Comparison

The eligibility criteria for PCC and HCC are covered in administrative guidelines. While there is a legislative basis for both cards in the National Health Act 1953 and the Health Insurance Act 1973, those Acts do not describe or distinguish the cards. Thus, while both cards largely rely on the existence of some pension, benefit or allowance, the particular criteria relating to qualification, duration, etc are covered in guidelines developed by the Department of Family and Community Services and administered by Centrelink. While these are not publicly available, broadly, a person qualifies for PCC if s/he is in receipt of an age or disability pension or is over 60 years and on a relevant benefit or allowance. A person qualifies for HCC if s/he is in receipt of one or more listed benefits and allowances.

The eligibility criteria for CSHC are covered at length in Part 2A.1 of the Social Security Act 1991. A person qualifies for CSHC if s/he is not in receipt of a pension but is of age pension age, and is receiving income below the pension cut-off limit. Moreover, the Social Security Act 1991 requires that a recipient must be an Australian resident, must be in Australia, must not be in receipt of a social security payment or service pension and must satisfy the 'seniors health card taxable income test'.(12) If the person is a newly arrived resident, s/he must generally also complete any 'newly arrived resident's waiting period'.(13) A person is not qualified if they fail to provide tax assessment information.(14)

There is one exception to the residence requirement. A recipient may be a non-resident receiving a benefit or pension under an agreement between Australia and New Zealand.

A more complete comparison of each card is contained in Appendix 1 of this Bills Digest.

Disparities

Clearly, there is some disparity in the legislative treatment of concession cards. Eligibility for PCC and HCC cards relies on a combination of the National Health Act 1953, Health Insurance Act 1973 and Social Security Act 1991. Eligibility is based on a person's status as a 'concessional beneficiary' and is essentially based on receipt of a social security pension, benefit or allowance. By contrast, CSHC cards rely directly on express provisions in the Social Security Act 1991. Eligibility is based on retirement age and income.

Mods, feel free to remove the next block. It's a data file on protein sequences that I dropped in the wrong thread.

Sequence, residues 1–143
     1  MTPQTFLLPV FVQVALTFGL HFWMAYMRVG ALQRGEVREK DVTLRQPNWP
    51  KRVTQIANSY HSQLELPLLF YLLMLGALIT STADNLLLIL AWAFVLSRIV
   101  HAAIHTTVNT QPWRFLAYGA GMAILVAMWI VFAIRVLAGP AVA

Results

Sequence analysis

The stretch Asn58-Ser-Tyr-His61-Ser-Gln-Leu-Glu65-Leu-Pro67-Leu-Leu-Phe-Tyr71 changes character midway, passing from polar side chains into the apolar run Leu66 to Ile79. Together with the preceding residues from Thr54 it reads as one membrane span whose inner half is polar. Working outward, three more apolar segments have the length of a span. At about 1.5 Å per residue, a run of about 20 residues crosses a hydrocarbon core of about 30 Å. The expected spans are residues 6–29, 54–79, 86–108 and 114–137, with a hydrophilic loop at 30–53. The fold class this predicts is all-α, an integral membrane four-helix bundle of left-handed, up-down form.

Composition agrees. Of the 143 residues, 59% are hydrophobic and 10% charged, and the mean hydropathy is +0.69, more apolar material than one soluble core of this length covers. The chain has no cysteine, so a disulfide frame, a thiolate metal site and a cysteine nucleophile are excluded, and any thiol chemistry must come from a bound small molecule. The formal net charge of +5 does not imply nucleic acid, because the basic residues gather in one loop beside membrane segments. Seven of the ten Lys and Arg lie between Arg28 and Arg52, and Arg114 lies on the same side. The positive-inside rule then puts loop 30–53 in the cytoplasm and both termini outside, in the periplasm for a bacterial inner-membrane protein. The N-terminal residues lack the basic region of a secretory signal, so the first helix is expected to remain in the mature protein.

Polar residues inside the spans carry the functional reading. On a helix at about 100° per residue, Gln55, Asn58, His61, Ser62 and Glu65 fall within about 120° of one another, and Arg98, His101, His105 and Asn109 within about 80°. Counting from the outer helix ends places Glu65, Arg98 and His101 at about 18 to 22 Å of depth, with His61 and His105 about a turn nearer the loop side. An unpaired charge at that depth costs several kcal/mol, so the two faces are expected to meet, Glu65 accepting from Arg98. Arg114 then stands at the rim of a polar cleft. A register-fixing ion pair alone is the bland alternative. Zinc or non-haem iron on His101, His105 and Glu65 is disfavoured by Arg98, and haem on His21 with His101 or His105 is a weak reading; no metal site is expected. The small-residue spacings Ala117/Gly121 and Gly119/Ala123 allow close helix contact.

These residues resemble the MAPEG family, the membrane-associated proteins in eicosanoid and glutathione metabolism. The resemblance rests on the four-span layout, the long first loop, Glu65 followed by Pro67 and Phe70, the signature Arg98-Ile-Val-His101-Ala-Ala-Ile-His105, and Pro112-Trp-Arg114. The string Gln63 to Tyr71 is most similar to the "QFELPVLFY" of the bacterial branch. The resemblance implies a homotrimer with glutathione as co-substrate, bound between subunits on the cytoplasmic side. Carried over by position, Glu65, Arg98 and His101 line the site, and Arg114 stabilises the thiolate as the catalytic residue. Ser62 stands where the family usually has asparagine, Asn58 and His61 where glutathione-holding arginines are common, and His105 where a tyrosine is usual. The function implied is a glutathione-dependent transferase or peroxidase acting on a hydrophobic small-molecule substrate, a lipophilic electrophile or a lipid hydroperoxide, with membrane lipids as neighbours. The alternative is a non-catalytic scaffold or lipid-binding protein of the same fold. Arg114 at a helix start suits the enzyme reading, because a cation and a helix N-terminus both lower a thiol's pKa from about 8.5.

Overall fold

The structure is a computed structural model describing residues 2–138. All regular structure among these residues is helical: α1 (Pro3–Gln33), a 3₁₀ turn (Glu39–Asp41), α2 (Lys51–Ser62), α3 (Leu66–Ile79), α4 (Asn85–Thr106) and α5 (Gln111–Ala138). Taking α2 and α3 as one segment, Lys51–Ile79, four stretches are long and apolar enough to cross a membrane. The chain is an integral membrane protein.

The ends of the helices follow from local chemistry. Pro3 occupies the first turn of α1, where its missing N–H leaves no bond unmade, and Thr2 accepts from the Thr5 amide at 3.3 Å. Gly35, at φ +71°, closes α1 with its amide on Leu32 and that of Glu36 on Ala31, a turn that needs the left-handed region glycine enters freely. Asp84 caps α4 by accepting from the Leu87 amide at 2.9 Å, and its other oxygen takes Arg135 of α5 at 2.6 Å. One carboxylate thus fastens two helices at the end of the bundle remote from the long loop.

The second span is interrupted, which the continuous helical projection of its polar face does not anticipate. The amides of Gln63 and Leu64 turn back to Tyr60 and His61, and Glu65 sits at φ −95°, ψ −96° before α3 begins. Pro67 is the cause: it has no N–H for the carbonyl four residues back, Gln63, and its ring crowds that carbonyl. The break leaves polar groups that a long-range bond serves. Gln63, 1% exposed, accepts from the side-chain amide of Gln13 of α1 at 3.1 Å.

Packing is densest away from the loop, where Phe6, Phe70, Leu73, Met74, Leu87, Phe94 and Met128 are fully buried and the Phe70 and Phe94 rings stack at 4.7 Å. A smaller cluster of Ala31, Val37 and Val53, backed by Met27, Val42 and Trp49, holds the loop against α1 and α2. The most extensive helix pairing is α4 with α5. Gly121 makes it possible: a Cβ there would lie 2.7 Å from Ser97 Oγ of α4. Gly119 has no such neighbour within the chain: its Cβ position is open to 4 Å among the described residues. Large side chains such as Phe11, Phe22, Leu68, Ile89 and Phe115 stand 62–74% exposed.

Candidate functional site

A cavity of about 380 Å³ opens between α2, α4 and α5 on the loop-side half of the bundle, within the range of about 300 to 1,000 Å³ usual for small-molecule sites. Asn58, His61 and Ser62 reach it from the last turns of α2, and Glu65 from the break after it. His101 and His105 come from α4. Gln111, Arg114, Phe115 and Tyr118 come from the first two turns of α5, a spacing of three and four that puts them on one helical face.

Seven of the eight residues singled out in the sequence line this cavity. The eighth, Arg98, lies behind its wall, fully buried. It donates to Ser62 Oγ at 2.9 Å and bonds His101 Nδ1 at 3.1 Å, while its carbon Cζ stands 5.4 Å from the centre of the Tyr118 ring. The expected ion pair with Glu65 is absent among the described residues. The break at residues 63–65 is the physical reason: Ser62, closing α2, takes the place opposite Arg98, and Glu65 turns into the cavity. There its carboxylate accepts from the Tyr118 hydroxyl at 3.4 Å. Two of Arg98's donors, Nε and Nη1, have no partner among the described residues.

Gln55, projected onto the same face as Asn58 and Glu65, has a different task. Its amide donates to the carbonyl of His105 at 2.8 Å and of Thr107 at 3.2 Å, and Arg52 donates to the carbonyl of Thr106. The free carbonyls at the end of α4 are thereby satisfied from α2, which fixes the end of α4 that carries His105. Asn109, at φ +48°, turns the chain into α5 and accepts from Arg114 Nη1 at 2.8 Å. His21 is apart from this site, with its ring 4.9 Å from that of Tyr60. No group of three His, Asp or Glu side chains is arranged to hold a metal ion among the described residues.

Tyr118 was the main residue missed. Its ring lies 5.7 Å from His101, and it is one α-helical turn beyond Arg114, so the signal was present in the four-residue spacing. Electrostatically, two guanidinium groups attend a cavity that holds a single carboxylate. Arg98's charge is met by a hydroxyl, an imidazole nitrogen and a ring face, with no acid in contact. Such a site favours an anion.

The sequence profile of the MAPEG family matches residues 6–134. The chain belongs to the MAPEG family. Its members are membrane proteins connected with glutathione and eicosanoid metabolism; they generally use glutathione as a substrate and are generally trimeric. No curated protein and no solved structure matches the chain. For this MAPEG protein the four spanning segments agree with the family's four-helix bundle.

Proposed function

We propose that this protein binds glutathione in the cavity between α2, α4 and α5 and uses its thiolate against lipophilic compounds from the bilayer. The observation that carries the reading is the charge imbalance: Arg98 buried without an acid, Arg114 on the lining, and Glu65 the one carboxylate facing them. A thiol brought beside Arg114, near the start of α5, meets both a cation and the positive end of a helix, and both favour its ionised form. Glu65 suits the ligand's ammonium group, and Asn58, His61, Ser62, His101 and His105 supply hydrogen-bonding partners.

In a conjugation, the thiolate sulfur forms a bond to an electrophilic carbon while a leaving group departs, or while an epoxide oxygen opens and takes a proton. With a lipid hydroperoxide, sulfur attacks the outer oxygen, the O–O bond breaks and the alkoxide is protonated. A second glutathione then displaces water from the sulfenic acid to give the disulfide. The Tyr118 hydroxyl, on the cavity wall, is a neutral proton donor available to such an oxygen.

To a large extent, this patchwork is the product of historical factors. The PCC, or its predecessor, was introduced in 1951 focusing on age, invalid and widow pensions. The HCC was introduced in 1982 focusing on low income earners. The CSHC was introduced in 1994 to give low income retirees similar concessions.(15) Thus, the CSHC was introduced following the wholesale rewrite of the Social Security Act 1947. Moreover, it focused on a group of beneficiaries not otherwise covered in the social security law. It is perhaps for these reasons that the CSHC is the only card comprehensively dealt with in legislation.

The history is reflected in amendments to the definition of 'concessional beneficiary' in the National Health Act 1953 and 'disadvantaged person' in the Health Insurance Act 1973.(16)

Committee Inquiry

As indicated, three of the major concession cards are issued by Centrelink within the Family and Community Services Portfolio. However, the principal legislation for PCC and HCC cards resides in the Health and Aged Care portfolio.

In June 1996 the then Minister for Social Security referred the issue of concession cards to the House of Representatives Standing Committee on Family and Community Affairs. Among other things, the terms of reference required an examination of adequacy and efficiency in administration given the number of cards and agencies involved.(17) In November 1997 the Committee issued its report Concessions - Who benefits?.

  • Various issues were canvassed in submissions and evidence to the Committee, including:
  • mismatch between the changes in social security payments under the Social Security Act 1991 and static nature of eligibility criteria under the National Health Act 1953
  • the fact that concessions are payable predominantly within the Health portfolio whereas income is assessed predominantly in the Social Security portfolio, and
  • the resulting potential for agency administrative error and recipient fraud.

Among the responses were proposals to amalgamate administrative responsibility, develop a single concession card for all beneficiaries, or cash out the concessions in terms of a cash supplement to social security recipients or self-funded retirees. On the issue of a single card, an officer from the Department of Social Security commented that: